Stan Douglas: Every Building on 100 West Hastings by Reid Shier
Shortcomings by Adrian Tomine
The Snows of Kilimanjaro and Other Stories by Ernest Hemingway
Moomin: The Complete Tove Jansson Comic Strip, Vol. 1 by Tove Jansson
The Happiness Equation: The Surprising Economics of Our Most Valuable Asset by Nick Powdthavee
Dress Your Family in Corduroy and Denim by David Sedaris
Comment ne rien faire by Guy Delisle
Poser by Claire Dederer
Humans of New York by Brandon Stanton
Franny and Zooey by J.D. Salinger
Let’s Explore Diabetes with Owls by David Sedaris
The Walking Dead, Vol. 03: Safety Behind Bars by Robert Kirkman
Saga #1 by Brian K. Vaughan
Saga #2 by Brian K. Vaughan
Behind the Scenes at the Museum by Kate Atkinson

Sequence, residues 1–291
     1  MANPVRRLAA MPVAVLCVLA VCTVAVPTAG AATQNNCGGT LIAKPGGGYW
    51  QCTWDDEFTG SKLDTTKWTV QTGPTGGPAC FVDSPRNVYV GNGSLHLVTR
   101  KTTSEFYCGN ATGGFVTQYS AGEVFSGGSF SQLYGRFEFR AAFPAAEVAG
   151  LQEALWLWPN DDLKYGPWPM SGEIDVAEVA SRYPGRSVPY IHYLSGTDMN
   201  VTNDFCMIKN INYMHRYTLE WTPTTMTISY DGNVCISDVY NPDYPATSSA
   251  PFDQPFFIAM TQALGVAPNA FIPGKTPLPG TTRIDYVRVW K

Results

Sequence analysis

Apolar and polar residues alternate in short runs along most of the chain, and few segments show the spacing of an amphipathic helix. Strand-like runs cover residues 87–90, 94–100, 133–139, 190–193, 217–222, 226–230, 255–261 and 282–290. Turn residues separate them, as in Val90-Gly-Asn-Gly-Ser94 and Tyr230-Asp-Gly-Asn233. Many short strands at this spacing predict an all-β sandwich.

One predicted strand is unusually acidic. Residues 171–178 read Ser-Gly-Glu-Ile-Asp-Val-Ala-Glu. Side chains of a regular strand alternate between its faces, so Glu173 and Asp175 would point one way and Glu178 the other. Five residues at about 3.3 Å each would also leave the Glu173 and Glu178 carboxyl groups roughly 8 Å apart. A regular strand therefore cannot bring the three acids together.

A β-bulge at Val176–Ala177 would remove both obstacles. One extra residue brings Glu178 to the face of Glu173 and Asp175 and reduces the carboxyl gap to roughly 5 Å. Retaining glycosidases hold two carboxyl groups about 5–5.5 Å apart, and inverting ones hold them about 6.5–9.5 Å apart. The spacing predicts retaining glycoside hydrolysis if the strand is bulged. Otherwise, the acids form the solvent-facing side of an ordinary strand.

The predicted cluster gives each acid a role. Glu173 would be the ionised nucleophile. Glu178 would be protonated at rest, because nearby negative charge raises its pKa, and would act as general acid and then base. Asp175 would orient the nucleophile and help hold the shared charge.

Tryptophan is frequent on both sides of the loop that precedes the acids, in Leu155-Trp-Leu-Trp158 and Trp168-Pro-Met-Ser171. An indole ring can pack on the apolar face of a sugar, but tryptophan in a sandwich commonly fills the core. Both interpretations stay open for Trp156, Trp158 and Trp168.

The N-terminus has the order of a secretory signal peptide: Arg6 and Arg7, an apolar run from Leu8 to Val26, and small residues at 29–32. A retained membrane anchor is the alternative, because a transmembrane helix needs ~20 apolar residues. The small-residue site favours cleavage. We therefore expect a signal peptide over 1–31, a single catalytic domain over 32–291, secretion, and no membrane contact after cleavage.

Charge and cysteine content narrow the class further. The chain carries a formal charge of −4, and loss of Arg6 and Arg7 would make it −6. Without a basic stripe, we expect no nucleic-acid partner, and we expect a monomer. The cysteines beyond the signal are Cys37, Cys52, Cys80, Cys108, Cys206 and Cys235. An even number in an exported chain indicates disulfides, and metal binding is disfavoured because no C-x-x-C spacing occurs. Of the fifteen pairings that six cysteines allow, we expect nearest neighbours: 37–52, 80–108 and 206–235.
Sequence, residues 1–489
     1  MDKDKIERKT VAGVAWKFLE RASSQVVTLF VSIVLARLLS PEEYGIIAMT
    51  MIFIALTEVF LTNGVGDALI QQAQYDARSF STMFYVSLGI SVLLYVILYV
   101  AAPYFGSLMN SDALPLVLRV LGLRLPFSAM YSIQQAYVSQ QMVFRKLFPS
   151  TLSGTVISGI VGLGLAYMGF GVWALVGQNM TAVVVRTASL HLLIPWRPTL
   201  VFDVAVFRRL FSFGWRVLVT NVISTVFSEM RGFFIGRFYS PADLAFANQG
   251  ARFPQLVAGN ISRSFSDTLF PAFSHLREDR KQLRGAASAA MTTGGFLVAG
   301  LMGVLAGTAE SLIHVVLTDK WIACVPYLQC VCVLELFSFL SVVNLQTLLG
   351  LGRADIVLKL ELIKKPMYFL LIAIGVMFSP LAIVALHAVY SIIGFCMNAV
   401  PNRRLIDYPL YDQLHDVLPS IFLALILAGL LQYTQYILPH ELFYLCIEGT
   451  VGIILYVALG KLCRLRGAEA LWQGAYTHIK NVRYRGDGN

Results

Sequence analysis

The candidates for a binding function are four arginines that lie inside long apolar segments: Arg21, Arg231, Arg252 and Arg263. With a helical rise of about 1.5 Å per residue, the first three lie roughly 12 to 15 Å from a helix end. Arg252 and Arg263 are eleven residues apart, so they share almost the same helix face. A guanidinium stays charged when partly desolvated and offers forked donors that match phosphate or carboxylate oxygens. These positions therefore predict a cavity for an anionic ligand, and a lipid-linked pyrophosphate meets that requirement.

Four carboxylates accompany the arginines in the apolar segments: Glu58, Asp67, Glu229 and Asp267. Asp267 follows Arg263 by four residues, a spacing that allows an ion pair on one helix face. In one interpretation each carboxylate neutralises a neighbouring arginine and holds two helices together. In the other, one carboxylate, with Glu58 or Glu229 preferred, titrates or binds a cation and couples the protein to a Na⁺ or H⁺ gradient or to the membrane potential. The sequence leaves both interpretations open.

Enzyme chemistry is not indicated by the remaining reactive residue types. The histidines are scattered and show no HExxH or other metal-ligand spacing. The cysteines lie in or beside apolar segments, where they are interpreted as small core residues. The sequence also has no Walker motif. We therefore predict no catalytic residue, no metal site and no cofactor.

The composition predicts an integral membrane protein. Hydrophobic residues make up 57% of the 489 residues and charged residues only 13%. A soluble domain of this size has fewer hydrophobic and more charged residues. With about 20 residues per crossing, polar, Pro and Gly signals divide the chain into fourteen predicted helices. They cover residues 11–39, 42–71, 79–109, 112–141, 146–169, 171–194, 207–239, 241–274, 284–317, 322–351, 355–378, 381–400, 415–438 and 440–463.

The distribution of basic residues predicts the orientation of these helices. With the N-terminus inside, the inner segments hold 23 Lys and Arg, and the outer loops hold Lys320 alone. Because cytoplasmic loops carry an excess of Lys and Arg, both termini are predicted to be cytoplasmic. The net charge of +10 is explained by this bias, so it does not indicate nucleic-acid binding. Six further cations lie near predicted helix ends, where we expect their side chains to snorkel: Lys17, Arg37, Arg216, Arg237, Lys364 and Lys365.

I’ve been trying to track down different photo books of Vancouver. I believe that if one is going to be into photography then they should get to know the photographers who came before them. We learn our history to know where we come from and in part who we are. I also do it to remind myself of how much I still have to learn. I thought that Stan Douglas: Every Building on 100 West Hastings by Reid Shier was a photo book but it is not. It is a book about a photo. The photo is one big long photo of the 100 block of West Hastings. It is an interesting and beautiful photo with a lot of depth and layers to it. The book discusses the photo and the Woodwards building — something I had known was important since moving here, the unavoidable W in the horizon, but not really known a lot about. Now I know a lot more about Woodwards and the history of it and how it relates to the Downtown Eastside. The book is from 2003 so I often wondered how much has changed since then. It would be interesting to revisit the 100 block in the days since the question of what to do with the vacant Woodwards space was settled. Especially how the entrance of SFU and upscale housing has altered the space and presumably pushed the poverty in the area further eastwards.